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Bishopstone's Greta Mason looks forward to this weekend's Badminton

Greta Mason      -  pic Nico MorganGreta Mason - pic Nico Morgan


When Greta Mason drives through the famous Badminton gates for her debut appearance this week it will be a culmination of a three-year plan.

Greta and her 16.1hh gelding Cooley for Sure (Murphy) moved to base themselves with former Badminton winner Rodney Powell at his Bishopstone yard in 2020, with a view to qualifying for the Badminton Horse Trials, presented by Mars Equestrian. The plan has obviously worked as Greta credits Rodney and fellow trainer Alex Franklin in helping her achieve this goal.

“I am massively looking forward to it but obviously feeling some nerves. I have been dreaming of this all my life.

“I haven’t really looked at the videos of the course as I don’t think you can really tell what it’s like. I am better off waiting until I can walk it, really see the lines, hills, my approach,” explains Greta (who hadn’t arrived at Badminton at time of writing).

This year’s course has been described as having an old-fashioned feel, fair and not full of traps. Greta believes her horse suits big and bold, or twisty and technical courses, as demonstrated by her win at Bramham last year and then an excellent 14th at her first 5* at Pau in the autumn.

“Bramham is similar to Badminton in that it is big and bold, parkland course whereas Pau was twisty and technical. Murphy is a bit smaller, he is good on his feet, straight in his lines but I do quite like the big galloping courses. I wouldn’t say either is better for him though.”

2022 has been Greta’s most successful to date, with an advanced intermediate win at Cirencester, an advanced fourth place at Chatsworth, the runner-up spot at Bramham 4*L which earnt her the British National Champion title and of course the Pau result.

Greta and Rod have set targets for each of the phases. “I came away from Pau believing we can do well: I want to be a competitive as possible,” she says.

Trainer Rod is equally positive and he says that is the only way to be when tackling a course like Badminton. The jumping and completing within the time is an area where Greta feels Rod has had the biggest impact on her competitiveness.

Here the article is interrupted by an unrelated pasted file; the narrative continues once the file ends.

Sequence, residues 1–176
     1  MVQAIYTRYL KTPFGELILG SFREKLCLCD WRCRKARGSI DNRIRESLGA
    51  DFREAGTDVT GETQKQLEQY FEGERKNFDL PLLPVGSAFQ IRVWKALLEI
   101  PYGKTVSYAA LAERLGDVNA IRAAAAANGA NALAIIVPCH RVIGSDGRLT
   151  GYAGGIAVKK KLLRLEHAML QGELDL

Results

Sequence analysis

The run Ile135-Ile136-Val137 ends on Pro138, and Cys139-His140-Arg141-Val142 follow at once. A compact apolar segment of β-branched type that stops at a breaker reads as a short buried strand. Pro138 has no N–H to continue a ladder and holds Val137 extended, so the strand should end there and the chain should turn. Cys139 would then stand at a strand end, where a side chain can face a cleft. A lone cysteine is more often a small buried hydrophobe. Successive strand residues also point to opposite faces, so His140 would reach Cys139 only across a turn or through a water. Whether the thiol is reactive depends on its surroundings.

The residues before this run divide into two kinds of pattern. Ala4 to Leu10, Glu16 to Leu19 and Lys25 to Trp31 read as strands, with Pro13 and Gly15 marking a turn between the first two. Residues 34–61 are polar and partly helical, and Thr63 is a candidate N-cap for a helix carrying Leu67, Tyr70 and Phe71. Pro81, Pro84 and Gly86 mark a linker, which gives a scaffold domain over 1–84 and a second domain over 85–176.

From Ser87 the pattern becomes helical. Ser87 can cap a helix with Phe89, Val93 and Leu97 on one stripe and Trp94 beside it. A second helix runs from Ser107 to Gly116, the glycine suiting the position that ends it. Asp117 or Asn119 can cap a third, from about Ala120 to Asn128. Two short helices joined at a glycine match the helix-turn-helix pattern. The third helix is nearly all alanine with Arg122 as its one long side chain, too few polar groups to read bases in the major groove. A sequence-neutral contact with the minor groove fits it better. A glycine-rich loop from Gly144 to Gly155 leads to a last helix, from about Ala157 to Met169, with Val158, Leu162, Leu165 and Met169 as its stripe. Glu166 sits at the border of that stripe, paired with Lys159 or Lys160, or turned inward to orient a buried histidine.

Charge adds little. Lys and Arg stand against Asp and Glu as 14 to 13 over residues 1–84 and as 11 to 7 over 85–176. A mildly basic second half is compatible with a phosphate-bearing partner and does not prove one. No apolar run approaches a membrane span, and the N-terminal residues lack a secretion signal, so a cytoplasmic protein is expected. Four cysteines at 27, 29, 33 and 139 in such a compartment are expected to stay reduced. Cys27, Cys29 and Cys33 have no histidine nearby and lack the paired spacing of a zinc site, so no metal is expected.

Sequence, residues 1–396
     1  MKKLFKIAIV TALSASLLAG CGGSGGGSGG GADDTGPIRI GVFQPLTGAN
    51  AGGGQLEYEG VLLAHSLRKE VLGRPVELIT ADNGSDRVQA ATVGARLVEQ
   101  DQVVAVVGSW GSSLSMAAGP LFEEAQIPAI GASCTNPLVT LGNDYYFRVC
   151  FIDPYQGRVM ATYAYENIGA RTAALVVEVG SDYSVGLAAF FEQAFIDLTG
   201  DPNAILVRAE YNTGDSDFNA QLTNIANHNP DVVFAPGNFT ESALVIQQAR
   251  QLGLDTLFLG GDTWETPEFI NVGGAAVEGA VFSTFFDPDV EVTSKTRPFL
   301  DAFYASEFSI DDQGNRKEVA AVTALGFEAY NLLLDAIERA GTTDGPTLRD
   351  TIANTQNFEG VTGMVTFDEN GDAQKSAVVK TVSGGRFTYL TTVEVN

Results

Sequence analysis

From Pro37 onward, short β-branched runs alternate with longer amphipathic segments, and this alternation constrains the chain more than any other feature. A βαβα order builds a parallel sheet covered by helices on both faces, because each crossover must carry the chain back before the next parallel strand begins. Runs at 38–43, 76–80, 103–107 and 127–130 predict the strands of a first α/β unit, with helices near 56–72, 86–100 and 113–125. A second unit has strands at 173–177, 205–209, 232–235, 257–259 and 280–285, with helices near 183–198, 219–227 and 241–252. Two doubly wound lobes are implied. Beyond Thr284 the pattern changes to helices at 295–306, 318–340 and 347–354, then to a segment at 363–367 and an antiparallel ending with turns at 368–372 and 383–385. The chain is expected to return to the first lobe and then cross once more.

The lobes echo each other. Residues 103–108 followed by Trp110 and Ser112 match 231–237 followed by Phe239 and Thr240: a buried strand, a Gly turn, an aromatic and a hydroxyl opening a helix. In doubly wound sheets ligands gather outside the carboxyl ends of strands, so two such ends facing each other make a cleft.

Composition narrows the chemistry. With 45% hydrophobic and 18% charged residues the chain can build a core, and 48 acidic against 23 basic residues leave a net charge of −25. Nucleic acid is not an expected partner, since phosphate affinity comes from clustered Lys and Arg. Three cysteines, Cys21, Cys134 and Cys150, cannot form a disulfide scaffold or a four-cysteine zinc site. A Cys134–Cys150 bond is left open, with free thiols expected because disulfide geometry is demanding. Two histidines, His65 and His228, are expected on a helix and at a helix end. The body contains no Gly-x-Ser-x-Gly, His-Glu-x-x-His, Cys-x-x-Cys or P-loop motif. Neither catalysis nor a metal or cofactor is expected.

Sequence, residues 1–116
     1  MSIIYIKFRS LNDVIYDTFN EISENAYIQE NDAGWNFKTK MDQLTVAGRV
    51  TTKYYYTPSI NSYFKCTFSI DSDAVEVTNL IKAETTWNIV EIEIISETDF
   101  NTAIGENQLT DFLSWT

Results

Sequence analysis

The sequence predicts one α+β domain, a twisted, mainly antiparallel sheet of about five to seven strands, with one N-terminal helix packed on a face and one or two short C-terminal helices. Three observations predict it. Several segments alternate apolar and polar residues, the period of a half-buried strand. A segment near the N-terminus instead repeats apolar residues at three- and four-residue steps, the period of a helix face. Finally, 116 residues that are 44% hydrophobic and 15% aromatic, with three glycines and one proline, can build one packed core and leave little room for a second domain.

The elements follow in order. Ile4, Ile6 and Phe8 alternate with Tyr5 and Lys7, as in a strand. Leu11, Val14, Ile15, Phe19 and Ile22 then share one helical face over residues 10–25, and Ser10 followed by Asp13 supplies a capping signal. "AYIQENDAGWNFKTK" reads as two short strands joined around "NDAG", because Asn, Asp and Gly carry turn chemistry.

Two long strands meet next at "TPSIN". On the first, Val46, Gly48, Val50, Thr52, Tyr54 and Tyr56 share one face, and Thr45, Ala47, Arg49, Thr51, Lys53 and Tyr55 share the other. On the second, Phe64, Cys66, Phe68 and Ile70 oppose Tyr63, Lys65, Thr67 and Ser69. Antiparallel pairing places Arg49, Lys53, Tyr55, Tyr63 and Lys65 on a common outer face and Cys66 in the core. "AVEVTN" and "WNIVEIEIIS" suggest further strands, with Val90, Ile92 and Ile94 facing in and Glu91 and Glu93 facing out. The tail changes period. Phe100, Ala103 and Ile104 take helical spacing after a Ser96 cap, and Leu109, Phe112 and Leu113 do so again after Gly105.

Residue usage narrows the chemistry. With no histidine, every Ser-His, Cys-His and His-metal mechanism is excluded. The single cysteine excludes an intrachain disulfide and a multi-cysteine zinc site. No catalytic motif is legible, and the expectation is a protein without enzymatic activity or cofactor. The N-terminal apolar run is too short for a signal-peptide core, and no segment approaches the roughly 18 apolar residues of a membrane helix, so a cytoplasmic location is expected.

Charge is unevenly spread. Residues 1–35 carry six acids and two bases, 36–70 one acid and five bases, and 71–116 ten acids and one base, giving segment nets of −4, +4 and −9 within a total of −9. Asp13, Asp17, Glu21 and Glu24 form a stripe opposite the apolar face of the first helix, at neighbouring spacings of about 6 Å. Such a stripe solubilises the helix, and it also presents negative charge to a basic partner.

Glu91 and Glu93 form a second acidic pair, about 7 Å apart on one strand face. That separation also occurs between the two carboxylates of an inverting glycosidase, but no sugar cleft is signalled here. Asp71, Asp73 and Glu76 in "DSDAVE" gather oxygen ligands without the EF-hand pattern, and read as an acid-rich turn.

“You have got to make it happen. Riding Badminton is not a test, you cannot be negative. The horse has its limitations but it has got the heart which is most important. I will be looking for a double clear!” says Rod.

As for who might win the much-coveted Badminton crown, Rod tips another former pupil, Tom McEwen, on Toledo De Kerser, who is on a high following a second place at the Land Rover Kentucky Three-Day Event with JL Dublin last week. Tom won team gold in the European Young Rider eventing team in 2010 on Rod’s Major Sweep.

There will be plenty of others battling it out, not least former Marlborough resident Tim Price who has yet to win a Badminton title.

US rider Katherine Coleman is based in Manton for the season and this will be her second Badminton with her horse Longwood, having made her debut back in 2017.

Course designer Eric Winter says there have been many changes from last year’s course, not only the direction so it runs clockwise but also the flavour of the course.

“This year’s course is all about holding a line and adjustability. A lot more jumping on acute angles and quick-thinking adjustments to distances and stride length are going to be needed this year if the riders are going to take on the track and be successful. We also have a new feature rail and step into a hollow which will provide a bit more proper cross-country terrain. This year’s course is a very different to last year’s package,” explains Eric.

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